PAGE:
Have you’ve ever listened to economic reports in the morning on financial television, noticed they were poor, and yet the stock market actually goes up that day? You’re probably scratching your head at why this seems to be. In today’s video, I’ll explain.
When the economy’s growth accelerates past a certain point and the numbers are “too good,” the Federal Reserve will intervene and begin to raise interest rates. We’ve actually seen quite a bit of this over the last three years.
The reason the Fed raises interest rates is that fast-moving economic growth could give rise to too much inflation; higher interest rates act as a remedy to this. Now, when interest rate hikes become too frequent, investors anticipate this, and they start to sell off their stocks.
Bad economic reports actually signal that the Fed will stop raising rates. Much to the delight of investors—lower interest rates give them greater freedom to buy stocks and real estate, and it jump-starts the stock market.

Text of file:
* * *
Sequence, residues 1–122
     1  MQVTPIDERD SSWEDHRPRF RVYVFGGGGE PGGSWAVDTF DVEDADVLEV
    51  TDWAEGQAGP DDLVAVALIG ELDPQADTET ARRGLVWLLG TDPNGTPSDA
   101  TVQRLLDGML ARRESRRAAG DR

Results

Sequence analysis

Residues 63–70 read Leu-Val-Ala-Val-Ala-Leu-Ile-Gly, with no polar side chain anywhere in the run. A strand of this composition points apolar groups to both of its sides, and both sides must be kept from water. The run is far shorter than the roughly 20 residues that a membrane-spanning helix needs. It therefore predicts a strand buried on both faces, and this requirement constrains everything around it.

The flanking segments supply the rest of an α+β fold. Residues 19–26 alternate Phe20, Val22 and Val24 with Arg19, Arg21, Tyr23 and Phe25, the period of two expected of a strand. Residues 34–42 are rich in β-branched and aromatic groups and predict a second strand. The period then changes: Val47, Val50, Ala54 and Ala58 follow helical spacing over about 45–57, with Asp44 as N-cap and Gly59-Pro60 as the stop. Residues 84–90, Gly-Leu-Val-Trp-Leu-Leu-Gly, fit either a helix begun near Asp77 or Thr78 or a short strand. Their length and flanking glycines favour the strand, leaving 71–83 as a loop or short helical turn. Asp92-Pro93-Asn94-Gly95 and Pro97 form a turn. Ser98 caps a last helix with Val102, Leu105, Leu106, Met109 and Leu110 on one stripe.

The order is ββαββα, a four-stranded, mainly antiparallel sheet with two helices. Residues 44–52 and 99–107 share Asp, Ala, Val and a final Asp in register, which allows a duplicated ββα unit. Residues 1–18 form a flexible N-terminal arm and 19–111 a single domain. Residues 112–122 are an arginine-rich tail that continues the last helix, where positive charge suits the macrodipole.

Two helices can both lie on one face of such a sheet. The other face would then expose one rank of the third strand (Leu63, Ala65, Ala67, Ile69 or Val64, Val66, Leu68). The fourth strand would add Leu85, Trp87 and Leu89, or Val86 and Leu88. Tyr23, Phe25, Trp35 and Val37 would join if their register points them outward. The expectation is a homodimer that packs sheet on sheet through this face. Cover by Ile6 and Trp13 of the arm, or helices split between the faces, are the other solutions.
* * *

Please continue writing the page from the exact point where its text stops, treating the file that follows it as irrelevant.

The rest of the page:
Simply put, it’s all about the Federal Reserve; they’ll take a “hands-off” approach when the market appears to be down, but are more apt to issue rate hikes when the economy is gaining too much momentum.
It’s worth mentioning that the best-case scenario, though, is one of moderation; a healthy in-between would be where economic growth isn’t so rapid that it leads to the Fed raising rates, but also where we won’t slip into a recession as a result of a slowdown. In essence, we want a “Goldilocks” economy, as it’s often described.
So next time you see what you think is bad news for the economy, you’ll understand that, in most cases, it’s actually good news for your financial portfolio.
If you have any questions regarding today’s topic or if I can help you with any and all of your investment needs, don’t hesitate to contact me. I look forward to speaking with you!